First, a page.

Be careful when you are placing the blame on someone. Often blame is misplaced. Instead fix your eyes on Jesus. Take whatever is on your heart to Him. Seek His Word. Taking everything to God instead of playing the blame game will lead you to a better reaction. Instead of placing blame, you will be placing everything before the feet of the One Who holds the world in His hands. It’s okay to be honest and pour out your heart. May God open your eyes to the Truth and touch your heart, leading to transformation. Transformation is so much better than destruction. Amen!

“When Rachel saw that she was not bearing Jacob any children, she became jealous of her sister. So she said to Jacob, ‘Give me children, or I’ll die!’ Jacob became angry with her and said, ‘Am I in the place of God, who has kept you from having children?’” – Genesis 30:1-2 [NIV]

The Blame Game

It is very clear that many people today have a problem with accepting blame for their actions. When they make a mistake, they try to cover it up. When they get caught in a lie, they lie some more. When someone is found out, the person tries to pin the blame on someone else. There is a lot of pointing fingers and a lack of integrity in this world.

This was an issue with my kids when they were younger and I’m sure that my sister and I did the same thing when we were young. Rather than accept the consequences, the blame is passed to someone else. I am not sure if it is a fear of punishment or something altogether different, but it happens. It actually has been happening since the very beginning. In Genesis 3, during the Fall, when God speaks with Adam regarding the apple, he points to Eve. When Eve responds to God, she points to the serpent.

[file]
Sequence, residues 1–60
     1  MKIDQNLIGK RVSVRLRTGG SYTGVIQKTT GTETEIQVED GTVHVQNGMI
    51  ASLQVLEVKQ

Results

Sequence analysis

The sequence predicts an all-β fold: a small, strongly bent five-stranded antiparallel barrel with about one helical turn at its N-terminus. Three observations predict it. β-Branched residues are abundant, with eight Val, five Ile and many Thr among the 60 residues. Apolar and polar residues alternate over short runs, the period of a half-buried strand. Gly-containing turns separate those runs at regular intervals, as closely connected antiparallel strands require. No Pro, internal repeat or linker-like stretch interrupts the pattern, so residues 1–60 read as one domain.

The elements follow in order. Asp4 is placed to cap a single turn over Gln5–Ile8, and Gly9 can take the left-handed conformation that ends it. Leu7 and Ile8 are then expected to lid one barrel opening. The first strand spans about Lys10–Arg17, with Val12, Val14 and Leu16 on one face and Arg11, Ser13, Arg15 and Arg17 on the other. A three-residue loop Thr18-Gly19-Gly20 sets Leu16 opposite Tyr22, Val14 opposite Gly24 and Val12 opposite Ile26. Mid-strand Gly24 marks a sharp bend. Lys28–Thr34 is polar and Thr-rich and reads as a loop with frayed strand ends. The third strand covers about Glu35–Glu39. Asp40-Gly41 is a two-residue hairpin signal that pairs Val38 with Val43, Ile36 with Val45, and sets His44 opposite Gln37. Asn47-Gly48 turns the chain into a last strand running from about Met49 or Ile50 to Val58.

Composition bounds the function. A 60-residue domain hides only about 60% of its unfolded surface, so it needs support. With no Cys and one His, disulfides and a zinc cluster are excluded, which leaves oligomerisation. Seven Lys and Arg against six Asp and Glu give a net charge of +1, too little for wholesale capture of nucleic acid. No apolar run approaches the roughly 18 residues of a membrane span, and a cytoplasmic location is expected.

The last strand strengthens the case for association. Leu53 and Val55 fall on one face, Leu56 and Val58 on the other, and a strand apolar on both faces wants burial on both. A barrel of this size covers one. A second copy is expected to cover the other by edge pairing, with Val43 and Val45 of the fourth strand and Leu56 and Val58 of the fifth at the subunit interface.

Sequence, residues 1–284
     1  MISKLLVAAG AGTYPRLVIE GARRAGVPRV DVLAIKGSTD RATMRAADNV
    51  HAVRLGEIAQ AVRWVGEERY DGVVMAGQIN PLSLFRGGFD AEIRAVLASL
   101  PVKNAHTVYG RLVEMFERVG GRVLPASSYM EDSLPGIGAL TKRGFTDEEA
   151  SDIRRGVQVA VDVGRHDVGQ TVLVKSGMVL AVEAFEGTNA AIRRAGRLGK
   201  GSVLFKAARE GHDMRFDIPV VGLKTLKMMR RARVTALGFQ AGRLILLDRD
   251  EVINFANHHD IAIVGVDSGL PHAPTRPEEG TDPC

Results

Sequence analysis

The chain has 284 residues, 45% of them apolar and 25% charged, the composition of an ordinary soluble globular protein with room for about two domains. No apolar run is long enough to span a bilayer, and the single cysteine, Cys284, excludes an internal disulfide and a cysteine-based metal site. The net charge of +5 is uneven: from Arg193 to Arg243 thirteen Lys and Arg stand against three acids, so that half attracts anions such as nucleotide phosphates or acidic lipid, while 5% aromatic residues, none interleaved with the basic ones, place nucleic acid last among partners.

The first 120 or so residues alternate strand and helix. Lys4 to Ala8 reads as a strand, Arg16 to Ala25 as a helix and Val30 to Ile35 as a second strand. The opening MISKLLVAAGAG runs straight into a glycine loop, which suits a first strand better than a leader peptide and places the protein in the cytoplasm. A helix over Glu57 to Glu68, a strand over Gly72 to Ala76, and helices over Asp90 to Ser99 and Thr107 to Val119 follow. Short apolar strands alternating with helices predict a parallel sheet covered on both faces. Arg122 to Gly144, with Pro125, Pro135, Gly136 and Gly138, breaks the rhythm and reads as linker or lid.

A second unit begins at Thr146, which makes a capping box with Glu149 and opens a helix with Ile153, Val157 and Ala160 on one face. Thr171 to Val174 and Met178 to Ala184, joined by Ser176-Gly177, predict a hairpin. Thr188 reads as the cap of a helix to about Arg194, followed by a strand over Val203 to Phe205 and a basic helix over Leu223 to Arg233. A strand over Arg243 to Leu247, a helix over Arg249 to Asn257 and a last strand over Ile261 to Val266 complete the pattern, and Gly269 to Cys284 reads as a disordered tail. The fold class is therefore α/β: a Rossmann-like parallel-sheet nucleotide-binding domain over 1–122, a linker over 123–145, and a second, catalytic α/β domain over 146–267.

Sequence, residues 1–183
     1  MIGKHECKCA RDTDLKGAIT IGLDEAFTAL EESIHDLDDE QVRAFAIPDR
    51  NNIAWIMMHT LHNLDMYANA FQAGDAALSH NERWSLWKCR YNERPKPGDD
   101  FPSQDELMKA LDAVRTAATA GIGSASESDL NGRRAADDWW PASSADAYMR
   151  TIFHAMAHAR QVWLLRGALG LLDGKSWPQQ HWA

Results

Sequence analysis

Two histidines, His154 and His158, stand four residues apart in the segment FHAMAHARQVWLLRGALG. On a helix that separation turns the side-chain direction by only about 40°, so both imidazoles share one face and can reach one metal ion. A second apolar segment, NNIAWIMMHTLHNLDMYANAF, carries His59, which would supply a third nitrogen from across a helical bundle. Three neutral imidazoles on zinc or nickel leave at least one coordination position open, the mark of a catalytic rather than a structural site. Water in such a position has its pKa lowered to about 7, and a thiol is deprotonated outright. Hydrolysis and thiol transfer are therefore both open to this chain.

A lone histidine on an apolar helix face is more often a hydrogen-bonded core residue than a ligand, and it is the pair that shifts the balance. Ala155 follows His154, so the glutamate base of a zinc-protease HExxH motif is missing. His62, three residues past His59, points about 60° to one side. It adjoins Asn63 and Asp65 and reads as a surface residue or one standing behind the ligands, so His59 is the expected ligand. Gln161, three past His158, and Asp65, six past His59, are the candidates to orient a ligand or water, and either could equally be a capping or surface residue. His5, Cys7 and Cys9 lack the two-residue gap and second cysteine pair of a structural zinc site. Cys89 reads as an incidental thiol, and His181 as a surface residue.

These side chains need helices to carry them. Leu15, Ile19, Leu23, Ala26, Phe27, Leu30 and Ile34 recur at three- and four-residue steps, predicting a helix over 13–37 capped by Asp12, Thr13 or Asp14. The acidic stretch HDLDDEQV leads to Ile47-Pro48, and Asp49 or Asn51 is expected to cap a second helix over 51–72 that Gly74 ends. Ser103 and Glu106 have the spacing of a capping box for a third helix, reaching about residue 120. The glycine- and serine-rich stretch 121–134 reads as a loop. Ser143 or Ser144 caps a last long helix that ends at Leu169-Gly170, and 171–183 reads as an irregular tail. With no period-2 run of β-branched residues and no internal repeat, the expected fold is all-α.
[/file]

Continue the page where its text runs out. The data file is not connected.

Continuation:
If you don’t accept the blame when you are at fault, you become disillusioned. You begin to point to everyone else as the problem when you face consequences for your actions. You never can learn and grow from your mistakes and missteps when you do this, but instead, you will grow bitterness and anger because you think the world is out to get you. To be one of integrity, own up to your mistakes and learn from them. You will make mistakes. You will mess up. Accept this along with the consequences. God has so much more for you. Yes you will be corrected. Yes you will be rebuked. Yes you may pay a price for what you have done. But owning up to something and taking responsibility is important. Don’t play the blame game.

“The man said, ‘The woman whom you gave to be with me, she gave me fruit of the tree, and I ate.’  Then the Lord God said to the woman, ‘What is this that you have done?’ The woman said, ‘The serpent deceived me, and I ate.’” – Genesis 3:12-13 [ESV]

Spoiled Rotten